Poland and Hungary against the EU over “rule of law”: deadlock on the budget

Employment and Social Affairs

Something has clouded the skies in the European Union, questioning its credibility that is now tied with the approval of Multiannual Financial Framework 2021-2027 and Next Generation EU.  Without the votes of Hungary and Poland, budgetary decisions cannot be reached in the EU. And the issue is crucial also for the final outcome of Germany’s presidency of the EU: despite the “phone diplomacy” of the last days between Berlin, Budapest and Warsaw, no compromise solution appears to be on the horizon, setting up the possibility of a major clash at the upcoming European Council summit on December 10-11.

Poland and Hungary, in Coreper, used their political veto blocking the adoption of the EU’s 1,8 trillion euro Mff, including the 750 billion euro Recovery plan, highlighting that the link between access to EU funds and rule of law was a tool by Brussels to blackmail them over migration and other issues.

Several, maybe too different topics, are at stake ranging from migration to abortion and Lgbt rights. The Polish and Hungarian Prime Minister, Mateusz Morawiecki and Viktor Orban strongly reaffirmed their intention to sustain the veto of the Recovery fund over concerns about linking EU funds to the rule of law. “We have decided to align our positions on these issues. Neither Poland, nor Hungary will accept any proposal that is deemed unacceptable by the other,” the two head of governments stated in a written declaration adopted on 26th of November in Budapest.

There are a number of issues where we have a dispute with the other EU countries, like on migration and gender, and this would mean they could force their interpretation on us in all these questions. Therefore, it is my patriotic duty to defend Hungary and its vital interests,” Orban said at a press conference after his meeting with Morawiecki.

The Hungarian prime minister recalled that the EU summit in July witnessed one of the longest and sharpest debates in EU history, where member states were not able to close the debate, but we gave an opportunity to the Germany presidency to produce some cohesion among the member states on the topics of migration, the EU budget, and rule of law; but it did not happen. “We need neither the Union of two interpretations nor a Union of two speeds”, said Morawiecki adding that “accepting conditionality in this form can change the face of the Eu irrevocably”.

Slovenian Prime Minister Janez Jansa on 18 November backed the criticisms made by Poland and Hungary when they vetoed the EU budget over plans to tie funding to respect for the rule of law. “Some political groups… are openly threatening to use the instrument wrongly called ‘rule of law’ in order to discipline individual EU Member States through a majority vote,” Jansa said in a letter to EU Council President Charles Michel  “The ‘rule of law’ means that disputes are decided by an independent court and not by a political majority in any other institution,” he said. “We need EU institutions that will not be involved in Member States’ internal political conflicts,” Jansa added.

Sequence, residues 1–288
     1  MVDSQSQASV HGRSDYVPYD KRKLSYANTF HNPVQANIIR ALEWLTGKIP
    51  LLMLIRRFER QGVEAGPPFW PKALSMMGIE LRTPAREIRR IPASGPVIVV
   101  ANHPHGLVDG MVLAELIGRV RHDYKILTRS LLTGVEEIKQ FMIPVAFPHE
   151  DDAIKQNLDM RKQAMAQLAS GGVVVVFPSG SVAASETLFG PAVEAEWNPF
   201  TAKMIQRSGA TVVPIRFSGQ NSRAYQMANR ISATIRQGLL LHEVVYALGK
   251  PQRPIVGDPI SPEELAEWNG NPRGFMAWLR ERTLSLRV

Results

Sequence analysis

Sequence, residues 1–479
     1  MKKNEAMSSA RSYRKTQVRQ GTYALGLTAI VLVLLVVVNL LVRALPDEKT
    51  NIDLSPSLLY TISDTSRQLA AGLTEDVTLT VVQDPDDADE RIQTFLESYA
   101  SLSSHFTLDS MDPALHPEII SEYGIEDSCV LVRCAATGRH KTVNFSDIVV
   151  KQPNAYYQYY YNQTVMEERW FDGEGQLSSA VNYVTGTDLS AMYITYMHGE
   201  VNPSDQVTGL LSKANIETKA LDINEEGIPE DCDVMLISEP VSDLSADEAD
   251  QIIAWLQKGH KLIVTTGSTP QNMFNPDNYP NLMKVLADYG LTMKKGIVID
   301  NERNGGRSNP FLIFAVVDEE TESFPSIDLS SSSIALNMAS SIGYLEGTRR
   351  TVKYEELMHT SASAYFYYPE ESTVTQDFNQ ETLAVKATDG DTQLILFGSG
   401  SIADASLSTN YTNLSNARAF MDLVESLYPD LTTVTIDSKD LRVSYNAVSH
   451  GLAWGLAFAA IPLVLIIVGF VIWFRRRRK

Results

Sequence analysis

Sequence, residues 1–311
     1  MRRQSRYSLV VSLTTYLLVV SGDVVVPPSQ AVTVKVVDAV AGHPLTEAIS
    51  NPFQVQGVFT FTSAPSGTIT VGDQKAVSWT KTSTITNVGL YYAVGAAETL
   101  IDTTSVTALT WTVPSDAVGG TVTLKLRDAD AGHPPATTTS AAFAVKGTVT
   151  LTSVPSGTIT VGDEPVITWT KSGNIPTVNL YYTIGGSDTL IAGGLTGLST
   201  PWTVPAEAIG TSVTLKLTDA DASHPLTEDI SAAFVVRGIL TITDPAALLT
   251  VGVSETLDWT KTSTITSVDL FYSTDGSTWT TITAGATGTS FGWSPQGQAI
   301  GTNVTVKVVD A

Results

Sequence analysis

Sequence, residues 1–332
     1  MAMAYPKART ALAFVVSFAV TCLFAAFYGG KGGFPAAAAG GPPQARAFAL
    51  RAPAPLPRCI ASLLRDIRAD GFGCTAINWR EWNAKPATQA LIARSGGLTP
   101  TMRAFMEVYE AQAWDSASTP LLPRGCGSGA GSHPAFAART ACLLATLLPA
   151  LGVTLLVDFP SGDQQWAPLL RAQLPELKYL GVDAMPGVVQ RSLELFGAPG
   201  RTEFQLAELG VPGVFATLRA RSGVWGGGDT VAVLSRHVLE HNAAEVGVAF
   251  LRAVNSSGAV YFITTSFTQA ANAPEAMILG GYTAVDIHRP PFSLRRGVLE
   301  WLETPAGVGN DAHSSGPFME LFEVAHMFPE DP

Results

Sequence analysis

After Slovenia’s intervention, also the EU Commission President Ursula von der Leyen highlighted some point related to Courts intervention in this sensitive issue.  According to her, Hungary and Poland should ask the European Court of Justice to assess the rules linking budget funds to respect of rule of law, instead of blocking the new Mff. “They can go to the European Court of Justice and allow the new rules to be tested there,” Von der Leyen said during the EU Parliament’s plenary session  “That is the place where difference of opinions about legislative texts are usually settled, and that is not done at the expense of millions and millions of European citizens who are urgently waiting for our help,” she added.

But in the joint declaration, Poland and Hungary said that they “are seeking solutions which make the necessary financial resources available as soon as possible for all Member States”. “The present situation that prevents the quick conclusion of the legislative process is created by those who established a link between the Rule of Law and the EU budget”, they reiterated.

Through the joint declaration, Poland and Hungary suggested either limiting the scope of budgetary conditionality in line with the European Council conclusions of July, or convening an intergovernmental conference to make modifications to EU treaties. The latter, maybe the most welcome solution, would obviously be a very time-consuming exercise with an unclear ending.

For these reasons the EU should consider to drop conditionality in order to unblock funds urgently needed during this extraordinary emergency, while on the other hand should define a clear strategy to delimitate competencies concerning rule of law between Member State and Union itself. This include changing the EU Treaties, in a way that doesn’t allow anymore Poland and Hungary to assert that they are “committed to our common values as enshrined in Article 2 of the Treaty on European Union”. Otherwise, if rule of law keeps on being susceptible of several interpretations, the issue could only be solved before the EU Courts.

Related Articles

Back to Top